Harlem Renaissance: five novels of the 1920s edited by Rafia Zafar

Mar 04

Harlem Renaissance: five novels of the 1920s edited by Rafia Zafar

This was a very interesting read. Harlem Renaissance: Five Novels of the 1920s edited by Rafia Zafar, is just as the title suggests–five novels written by African American authors during or about the Harlem Renaissance. This was a fascinating period in black history for many reasons. One, it is where a lot of black intellectuals began to become known in various fields–literature, music, art, scholarly pursuits. It really was a golden age for post-slavery African Americans. The five novels in this book are: Jean Toomer’s Cane written in 1923 — it is a story about a woman in Georgia, a teacher, who struggles with who she is as a black woman and how her ‘race’ affects her; Claude McKay’s Home to Harlem written in 1928, a story of two young men with very different backgrounds, both African American, and how they deal with the prejudices and stereotypes of white America — it is rich with culture–jazz and excitement– prohibition and drinking, and even sex– this is a story of defining a race from within the race and starting a cultural revolution, it is a good peek into Harlem in the 1920’s; next was Nella Larsen’s Quicksand which is a story about a woman who is half black, half white–she struggles with who she is, who her people are and how she can connect within a society so divided when she is not white or black but both; Jessie Redmon Fauset’s Plum Bun written in 1928 is the story of two African American sisters–they are different in many ways–one, the main character, is pale and can pass as a white person and so she does, but she learns how deserting your roots and your culture is not always the best thing, rarely ever is, actually, but how to be black in a white dominant culture is the question she is trying to answer; and finally Wallace Thurman’s The Blacker the Berry written in 1929, is a story about a young woman, Emma, who is very dark skinned and how this influenced how other African Americans, as well as whites, treated her, this story digs into how the culture of color went inside the African American communities as well as the...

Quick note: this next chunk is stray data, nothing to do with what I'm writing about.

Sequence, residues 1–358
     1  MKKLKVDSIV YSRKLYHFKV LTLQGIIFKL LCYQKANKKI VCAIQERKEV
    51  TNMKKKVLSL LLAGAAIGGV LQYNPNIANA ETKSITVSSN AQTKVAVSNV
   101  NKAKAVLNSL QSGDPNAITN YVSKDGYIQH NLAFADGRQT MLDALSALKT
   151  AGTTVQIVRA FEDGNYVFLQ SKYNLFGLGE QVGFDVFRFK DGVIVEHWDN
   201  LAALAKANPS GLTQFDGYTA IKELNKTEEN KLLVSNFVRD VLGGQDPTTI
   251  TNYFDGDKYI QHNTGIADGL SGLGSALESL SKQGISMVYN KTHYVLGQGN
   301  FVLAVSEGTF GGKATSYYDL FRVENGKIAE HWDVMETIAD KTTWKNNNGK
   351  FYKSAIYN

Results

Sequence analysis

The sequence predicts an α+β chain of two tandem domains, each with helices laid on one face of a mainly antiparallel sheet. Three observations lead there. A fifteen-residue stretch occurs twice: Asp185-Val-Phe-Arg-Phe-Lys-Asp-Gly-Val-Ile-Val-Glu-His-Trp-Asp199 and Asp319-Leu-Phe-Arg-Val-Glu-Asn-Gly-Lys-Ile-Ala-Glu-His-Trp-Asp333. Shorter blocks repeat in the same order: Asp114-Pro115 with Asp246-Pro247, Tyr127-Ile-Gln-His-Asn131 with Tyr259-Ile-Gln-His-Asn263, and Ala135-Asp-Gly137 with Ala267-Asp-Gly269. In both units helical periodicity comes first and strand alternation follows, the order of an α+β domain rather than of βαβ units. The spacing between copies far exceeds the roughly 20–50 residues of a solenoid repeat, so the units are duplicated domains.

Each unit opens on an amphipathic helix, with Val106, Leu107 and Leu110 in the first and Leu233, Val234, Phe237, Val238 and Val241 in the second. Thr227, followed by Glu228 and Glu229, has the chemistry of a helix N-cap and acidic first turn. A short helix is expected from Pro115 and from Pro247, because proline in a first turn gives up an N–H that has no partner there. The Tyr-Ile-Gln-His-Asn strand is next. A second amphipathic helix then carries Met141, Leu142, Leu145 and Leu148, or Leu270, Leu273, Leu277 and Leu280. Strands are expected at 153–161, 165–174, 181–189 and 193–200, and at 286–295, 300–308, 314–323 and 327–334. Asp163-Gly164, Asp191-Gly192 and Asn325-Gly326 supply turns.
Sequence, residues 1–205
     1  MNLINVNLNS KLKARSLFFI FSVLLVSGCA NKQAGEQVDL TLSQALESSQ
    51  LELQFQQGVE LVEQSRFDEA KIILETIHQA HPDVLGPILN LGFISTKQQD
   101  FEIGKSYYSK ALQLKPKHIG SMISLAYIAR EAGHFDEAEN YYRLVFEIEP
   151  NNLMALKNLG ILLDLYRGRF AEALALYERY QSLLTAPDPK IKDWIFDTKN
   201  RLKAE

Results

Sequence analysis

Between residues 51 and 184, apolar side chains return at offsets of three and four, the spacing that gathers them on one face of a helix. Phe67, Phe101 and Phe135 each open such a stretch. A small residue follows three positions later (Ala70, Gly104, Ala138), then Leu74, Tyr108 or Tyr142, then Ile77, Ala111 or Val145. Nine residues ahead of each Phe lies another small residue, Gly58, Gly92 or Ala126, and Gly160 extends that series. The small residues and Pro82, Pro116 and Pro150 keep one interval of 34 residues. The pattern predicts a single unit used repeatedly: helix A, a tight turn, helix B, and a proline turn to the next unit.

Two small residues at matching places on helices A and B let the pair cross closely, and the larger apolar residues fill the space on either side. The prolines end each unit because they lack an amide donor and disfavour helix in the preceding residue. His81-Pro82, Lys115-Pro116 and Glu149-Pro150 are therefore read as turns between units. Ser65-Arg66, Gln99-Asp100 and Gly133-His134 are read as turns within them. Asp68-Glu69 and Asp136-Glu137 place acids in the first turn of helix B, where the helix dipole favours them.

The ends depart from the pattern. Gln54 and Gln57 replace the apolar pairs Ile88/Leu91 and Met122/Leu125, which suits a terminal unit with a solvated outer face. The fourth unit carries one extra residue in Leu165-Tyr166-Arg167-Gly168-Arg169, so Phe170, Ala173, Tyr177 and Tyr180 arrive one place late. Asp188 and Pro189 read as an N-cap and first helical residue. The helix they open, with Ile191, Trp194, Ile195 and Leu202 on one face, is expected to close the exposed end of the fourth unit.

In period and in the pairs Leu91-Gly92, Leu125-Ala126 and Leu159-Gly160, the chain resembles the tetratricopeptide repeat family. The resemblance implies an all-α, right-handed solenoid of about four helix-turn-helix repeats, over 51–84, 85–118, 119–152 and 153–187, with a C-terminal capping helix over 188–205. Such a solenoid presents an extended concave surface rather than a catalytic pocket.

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Where The Sidewalk Ends: The Poems and Drawings of Shel Silverstein

Mar 03

Where The Sidewalk Ends: The Poems and Drawings of Shel Silverstein

For one of my 2013 Reading Challenges, Reading Outside the Box, I chose this category: It’s my Birthday! So, have a party! Read a book that was published in either your birth month or birth year! And for my birth year, 1974, one of my favorite authors Shel Silverstein published one of his most popular books, Where the Sidewalk Ends. So, I read it. It was a fun, silly book of poems. The poems are silly and catchy. Some of my favorites are: Sick, a poem about a little girl who swears she is sick with all sorts of ailments as she is trying to get out of going to school but in the end, it is Saturday! And she recovers very quickly indeed–silly girl; Hug O’ War, Because, I absolutely love hugs!; and, Spaghetti, Because it is silly and messy fun; and Lazy Jane, This book is definitely fun and I can see why it is so very popular! I would definitely recommend Where The Sidewalk Ends: The Poems and Drawings of Shel...